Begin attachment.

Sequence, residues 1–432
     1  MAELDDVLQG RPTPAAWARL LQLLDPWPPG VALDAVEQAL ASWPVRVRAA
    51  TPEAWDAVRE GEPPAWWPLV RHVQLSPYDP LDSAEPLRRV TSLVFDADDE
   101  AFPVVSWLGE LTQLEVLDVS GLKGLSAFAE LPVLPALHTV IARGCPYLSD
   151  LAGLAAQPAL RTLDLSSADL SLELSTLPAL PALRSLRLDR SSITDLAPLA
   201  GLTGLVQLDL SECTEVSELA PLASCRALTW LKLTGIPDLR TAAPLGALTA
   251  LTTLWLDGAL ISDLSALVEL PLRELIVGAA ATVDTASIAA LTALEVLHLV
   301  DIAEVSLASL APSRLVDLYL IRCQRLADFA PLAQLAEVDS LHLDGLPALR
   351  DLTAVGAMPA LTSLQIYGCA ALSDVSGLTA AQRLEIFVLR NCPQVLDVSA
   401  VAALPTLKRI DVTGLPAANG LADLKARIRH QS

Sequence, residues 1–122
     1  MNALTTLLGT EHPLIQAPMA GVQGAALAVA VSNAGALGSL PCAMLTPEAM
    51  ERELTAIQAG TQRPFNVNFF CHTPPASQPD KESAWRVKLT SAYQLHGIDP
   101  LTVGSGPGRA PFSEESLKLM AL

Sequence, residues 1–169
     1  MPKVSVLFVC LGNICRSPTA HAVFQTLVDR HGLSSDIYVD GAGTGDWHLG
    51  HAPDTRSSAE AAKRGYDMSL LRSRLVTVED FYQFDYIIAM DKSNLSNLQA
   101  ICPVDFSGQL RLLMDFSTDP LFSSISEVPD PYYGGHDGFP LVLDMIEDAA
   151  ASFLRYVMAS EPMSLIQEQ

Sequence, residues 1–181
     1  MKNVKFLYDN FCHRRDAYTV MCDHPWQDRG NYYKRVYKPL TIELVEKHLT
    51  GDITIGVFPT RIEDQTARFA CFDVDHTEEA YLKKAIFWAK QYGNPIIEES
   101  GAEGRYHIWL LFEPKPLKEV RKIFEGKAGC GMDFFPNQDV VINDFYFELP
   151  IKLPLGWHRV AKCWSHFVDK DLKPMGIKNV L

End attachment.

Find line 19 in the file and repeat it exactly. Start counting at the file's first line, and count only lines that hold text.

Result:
   151  ASFLRYVMAS EPMSLIQEQ